This blog from Professor Caroline Bradbury-Jones (@jones_bradbury) starts our week-long focus on violence and abuse. Caroline leads a research programme at the University of Birmingham called Risk Abuse and Violence that undertakes national and international research and scholarly work. Caroline was also part of a team who together with colleagues at Nottingham University HELM and Universitas 21 Health Sciences group produced a free to access reusable learning object to help us learn about Gender Based Violence and our role as health care professionals.
It has been utterly devastating to watch the news over the past weeks and months reporting the daily death toll due to COVID-19. Entire nations have gone into lockdown in a bid to slow the transmission of the virus. The world awaits a vaccine and until we have one, social distancing and isolation are likely to remain, in at least some form. In the UK, we have been advised that this could extend into 2021. Although some countries have begun to ease their rules on restriction of movement, there are fears and uncertainties about subsequent outbreaks and so exiting lockdown is going to be a long, tentative process.
Social distancing and isolation are difficult for most people, but there are some people for whom the measures taken to tackle COVID-19 have been catastrophic. The solution to a problem should not create greater negative impacts than the problem itself, but unfortunately lock down has had significant impacts on rates of domestic violence. Refuge, one of the leading domestic abuse organisations in the UK, has reported that calls to its National Domestic Abuse Helpline, have spiked significantly during the lock down, with an average increase of around 50% in calls and over 400% in visits to its website since lock down began. Refuge point out that the stay at home measures are a critical part of the Government’s strategy to save lives during the pandemic, but it is important to consider the implications of lock down when home is not a safe place. As Refuge (2020) puts it: ‘for many women, isolating with an abusive partner is a matter of life and death – in a very different way’. The increased rates of domestic violence are because home is where dynamics of power can be distorted and subverted by those who abuse. The restrictive measures of lock down play directly into the hands of people who abuse through tactics of coercion, control and surveillance. Moreover, they shut off avenues of escape, help-seeking and ways of coping for victim-survivors. Violence and abuse are able to take place literally ‘behind closed doors’ and out of the view of other people (Bradbury-Jones & Isham 2020).
So what does all this mean for nursing and nurses? In a broad sense it is important to think critically about idealised representations of home and family and to understand that home is far from a safe haven for many people. Nurses in many settings have a crucial role in identifying and responding to domestic violence. The current situation calls for a ‘hyper-awareness’ among nurses to fine tune their domestic violence radar. This is not solely for patients and clients, but also colleagues, family and friends. It does not require specialist skills, rather a mindfulness of the potential for domestic violence to be a problem in a person’s life. Nurses can be reassured that if done sensitively and safely, most people are not offended by being asked if all is OK at home and crucially, asking someone who is experiencing domestic violence, could be like throwing them a lifeline.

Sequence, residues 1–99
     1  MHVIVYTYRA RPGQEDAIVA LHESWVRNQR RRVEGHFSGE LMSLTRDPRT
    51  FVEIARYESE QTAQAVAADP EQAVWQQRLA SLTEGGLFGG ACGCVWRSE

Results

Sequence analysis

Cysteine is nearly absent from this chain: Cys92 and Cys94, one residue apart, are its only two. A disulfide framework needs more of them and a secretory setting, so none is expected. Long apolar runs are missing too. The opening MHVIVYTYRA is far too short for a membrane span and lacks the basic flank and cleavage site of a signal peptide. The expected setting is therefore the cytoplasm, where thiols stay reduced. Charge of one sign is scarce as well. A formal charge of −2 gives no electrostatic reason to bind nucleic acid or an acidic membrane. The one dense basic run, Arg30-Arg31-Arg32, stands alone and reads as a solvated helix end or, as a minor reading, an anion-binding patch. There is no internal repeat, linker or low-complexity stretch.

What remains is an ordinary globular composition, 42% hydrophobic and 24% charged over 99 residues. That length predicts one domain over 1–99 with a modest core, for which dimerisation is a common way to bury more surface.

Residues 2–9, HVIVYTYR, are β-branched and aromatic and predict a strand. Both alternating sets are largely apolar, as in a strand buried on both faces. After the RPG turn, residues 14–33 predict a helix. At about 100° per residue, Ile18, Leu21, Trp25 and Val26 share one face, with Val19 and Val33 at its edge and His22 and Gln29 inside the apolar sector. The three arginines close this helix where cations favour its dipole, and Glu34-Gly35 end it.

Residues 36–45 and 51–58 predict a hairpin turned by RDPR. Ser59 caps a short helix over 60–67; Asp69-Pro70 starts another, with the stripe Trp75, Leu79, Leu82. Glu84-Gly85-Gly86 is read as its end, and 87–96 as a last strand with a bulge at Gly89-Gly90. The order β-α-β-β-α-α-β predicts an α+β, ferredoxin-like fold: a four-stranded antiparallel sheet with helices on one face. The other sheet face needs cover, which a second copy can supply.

Once we get a vaccine for COVID-19, we can eradicate it, but there is no vaccine for domestic violence. As part of a public health approach however, we can still do much to tackle it. Programmes for the primary prevention operate at population-level, and tertiary prevention is offered by services to support victim-survivors of domestic violence. A crucial part of secondary prevention is in nurses’ identification and response to domestic violence and in the COVID-19 pandemic, the fine-tuned domestic violence radar is essential.
Bradbury-Jones, C. & Isham, L. (2020) The pandemic paradox: The consequences of COVID-19 on domestic violence, Journal of Clinical Nursing, DOI: 10.1111/jocn.15296
Refuge (2020) Refuge response to Home Affairs Select Committee report on domestic abuse during Covid-19. Available: https://www.refuge.org.uk/refuge-response-to-home-affairs-select-committee-report-on-domestic-abuse-during-covid-19/
Freephone 24-hour National (UK) Domestic Abuse Helpline: 0808 2000 247
Open Access resource on Gender Based Violence: https://www.nottingham.ac.uk/helmopen/rlos/safeguarding/gbv/#